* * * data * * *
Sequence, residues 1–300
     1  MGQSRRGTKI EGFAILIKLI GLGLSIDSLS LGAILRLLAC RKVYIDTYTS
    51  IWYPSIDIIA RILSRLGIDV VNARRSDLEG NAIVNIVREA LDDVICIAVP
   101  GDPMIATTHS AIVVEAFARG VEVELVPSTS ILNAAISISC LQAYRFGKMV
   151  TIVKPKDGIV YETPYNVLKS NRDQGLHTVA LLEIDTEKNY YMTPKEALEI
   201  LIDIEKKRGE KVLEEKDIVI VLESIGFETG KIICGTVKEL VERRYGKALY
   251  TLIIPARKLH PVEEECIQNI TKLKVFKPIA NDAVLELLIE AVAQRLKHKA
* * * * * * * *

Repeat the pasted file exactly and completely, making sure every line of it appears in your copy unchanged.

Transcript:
Sequence, residues 1–300
     1  MGQSRRGTKI EGFAILIKLI GLGLSIDSLS LGAILRLLAC RKVYIDTYTS
    51  IWYPSIDIIA RILSRLGIDV VNARRSDLEG NAIVNIVREA LDDVICIAVP
   101  GDPMIATTHS AIVVEAFARG VEVELVPSTS ILNAAISISC LQAYRFGKMV
   151  TIVKPKDGIV YETPYNVLKS NRDQGLHTVA LLEIDTEKNY YMTPKEALEI
   201  LIDIEKKRGE KVLEEKDIVI VLESIGFETG KIICGTVKEL VERRYGKALY
   251  TLIIPARKLH PVEEECIQNI TKLKVFKPIA NDAVLELLIE AVAQRLKHKA